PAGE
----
Magpie Inkcap - Coprinopsis picacea
The patterning of white or silvery grey on a shiny dark-brown background make this quite a distinctive species, although the fruitbodies are short lived. The early cap is an elongated egg shape, then bell-like as the cottony universal veil remnant breaks into separate patches to reveal the glossy dark background.
Generally found as solitary specimens or well-spaced in small groups, Magpie Inkcaps occur most often in deciduous woodland, particularly under Beech trees and less frequently under oaks. They are mainly restricted to alkaline areas.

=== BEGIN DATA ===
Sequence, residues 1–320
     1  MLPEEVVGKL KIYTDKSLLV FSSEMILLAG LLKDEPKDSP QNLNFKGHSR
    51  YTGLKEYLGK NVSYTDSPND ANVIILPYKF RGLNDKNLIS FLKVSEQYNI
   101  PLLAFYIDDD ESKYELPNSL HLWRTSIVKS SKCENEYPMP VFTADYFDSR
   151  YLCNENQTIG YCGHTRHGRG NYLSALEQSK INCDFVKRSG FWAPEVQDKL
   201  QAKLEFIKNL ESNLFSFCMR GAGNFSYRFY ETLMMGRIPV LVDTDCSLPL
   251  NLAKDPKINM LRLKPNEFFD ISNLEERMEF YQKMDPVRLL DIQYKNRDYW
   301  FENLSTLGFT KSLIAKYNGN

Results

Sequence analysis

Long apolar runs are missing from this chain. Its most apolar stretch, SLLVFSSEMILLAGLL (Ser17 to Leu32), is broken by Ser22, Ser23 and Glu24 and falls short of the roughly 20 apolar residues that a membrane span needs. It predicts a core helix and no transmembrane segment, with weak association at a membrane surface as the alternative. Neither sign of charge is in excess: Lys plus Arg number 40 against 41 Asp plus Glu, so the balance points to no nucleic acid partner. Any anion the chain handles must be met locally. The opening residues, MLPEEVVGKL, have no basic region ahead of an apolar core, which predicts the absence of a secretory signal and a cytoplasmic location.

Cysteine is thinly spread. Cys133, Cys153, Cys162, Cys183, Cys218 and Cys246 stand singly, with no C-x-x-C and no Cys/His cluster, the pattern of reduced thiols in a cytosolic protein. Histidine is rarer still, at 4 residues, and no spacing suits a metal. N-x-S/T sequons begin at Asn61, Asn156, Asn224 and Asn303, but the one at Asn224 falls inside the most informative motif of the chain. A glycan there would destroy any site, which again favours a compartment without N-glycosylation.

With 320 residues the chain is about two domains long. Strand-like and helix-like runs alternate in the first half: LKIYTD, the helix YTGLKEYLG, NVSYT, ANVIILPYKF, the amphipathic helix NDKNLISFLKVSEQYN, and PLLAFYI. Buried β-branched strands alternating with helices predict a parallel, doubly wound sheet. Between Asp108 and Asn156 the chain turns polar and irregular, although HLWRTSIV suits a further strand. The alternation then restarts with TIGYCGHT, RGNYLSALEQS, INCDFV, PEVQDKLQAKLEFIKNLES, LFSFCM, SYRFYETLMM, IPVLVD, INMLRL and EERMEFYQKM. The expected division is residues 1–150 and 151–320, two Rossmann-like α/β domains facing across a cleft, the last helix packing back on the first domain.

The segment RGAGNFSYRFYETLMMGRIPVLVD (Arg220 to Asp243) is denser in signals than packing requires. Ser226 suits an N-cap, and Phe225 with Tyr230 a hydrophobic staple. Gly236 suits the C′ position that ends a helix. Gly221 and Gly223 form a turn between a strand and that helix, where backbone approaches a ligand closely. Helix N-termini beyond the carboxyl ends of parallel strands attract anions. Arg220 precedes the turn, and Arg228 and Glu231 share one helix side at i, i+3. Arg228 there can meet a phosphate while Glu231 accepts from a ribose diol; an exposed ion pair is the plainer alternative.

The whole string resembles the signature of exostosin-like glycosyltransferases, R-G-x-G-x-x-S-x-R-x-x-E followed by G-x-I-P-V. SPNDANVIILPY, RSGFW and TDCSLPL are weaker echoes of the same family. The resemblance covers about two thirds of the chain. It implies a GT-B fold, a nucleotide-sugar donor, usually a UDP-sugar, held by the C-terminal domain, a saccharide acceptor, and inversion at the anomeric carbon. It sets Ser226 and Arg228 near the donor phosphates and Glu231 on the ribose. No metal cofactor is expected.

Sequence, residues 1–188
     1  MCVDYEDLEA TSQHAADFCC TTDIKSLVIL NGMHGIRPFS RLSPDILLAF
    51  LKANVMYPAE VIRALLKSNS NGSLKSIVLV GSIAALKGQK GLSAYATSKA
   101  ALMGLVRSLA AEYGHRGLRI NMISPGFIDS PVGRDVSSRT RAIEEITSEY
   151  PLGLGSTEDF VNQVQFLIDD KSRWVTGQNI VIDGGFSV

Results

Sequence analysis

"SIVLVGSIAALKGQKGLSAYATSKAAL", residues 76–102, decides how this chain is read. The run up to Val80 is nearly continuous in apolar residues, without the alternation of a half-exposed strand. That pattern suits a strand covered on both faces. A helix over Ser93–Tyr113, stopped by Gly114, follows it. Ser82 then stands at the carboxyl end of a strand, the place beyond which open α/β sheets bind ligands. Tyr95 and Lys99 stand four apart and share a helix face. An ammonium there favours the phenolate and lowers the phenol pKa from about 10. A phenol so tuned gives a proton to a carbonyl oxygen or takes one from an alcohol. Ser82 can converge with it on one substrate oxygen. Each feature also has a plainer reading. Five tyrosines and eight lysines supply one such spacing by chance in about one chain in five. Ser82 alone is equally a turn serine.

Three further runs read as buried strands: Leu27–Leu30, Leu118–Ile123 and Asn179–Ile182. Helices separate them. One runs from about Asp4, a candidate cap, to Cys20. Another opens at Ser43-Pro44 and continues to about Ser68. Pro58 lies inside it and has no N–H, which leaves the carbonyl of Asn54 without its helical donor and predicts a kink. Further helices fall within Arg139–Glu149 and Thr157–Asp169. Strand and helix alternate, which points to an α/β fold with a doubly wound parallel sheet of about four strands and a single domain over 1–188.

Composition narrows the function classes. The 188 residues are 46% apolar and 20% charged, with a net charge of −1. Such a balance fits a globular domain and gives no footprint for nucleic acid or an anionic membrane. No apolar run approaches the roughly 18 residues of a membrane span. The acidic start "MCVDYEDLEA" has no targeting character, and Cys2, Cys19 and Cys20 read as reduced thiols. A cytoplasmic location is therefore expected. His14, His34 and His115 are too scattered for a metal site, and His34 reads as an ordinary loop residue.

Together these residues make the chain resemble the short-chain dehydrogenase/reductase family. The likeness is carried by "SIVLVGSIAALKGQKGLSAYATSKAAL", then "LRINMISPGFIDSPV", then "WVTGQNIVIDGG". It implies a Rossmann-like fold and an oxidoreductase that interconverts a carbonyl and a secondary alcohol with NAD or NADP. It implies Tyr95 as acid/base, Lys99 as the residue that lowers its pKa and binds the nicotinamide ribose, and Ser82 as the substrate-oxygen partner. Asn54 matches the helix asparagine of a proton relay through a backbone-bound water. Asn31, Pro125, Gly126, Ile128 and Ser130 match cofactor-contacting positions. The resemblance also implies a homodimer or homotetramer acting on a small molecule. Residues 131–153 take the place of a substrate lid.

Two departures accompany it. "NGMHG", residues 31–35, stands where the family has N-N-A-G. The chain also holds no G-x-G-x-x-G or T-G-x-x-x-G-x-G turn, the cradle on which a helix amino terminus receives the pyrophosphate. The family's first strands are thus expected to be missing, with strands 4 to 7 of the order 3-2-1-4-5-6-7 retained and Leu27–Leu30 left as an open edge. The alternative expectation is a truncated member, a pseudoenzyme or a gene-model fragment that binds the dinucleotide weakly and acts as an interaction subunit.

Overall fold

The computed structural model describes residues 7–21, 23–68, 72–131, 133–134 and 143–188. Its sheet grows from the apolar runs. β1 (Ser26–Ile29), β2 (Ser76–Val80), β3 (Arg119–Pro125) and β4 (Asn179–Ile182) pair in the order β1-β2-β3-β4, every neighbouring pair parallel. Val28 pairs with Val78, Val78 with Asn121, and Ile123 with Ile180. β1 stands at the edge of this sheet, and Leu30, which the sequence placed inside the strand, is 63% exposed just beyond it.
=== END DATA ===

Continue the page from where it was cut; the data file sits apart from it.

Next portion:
May to November in Britain and Ireland.
As with other large inkcaps, the gills of the Magpie Inkcap deliquesce, a process which aids spore dispersal particularly in wet weather.
Widespread in the southern half of Britain, but rather infrequent.
Status in Leicestershire and Rutland not known.
Leicestershire & Rutland Map
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Yellow squares = NBN records (all known data)
Coloured circles = NatureSpot records: 2020+ | 2015-2019 | pre-2015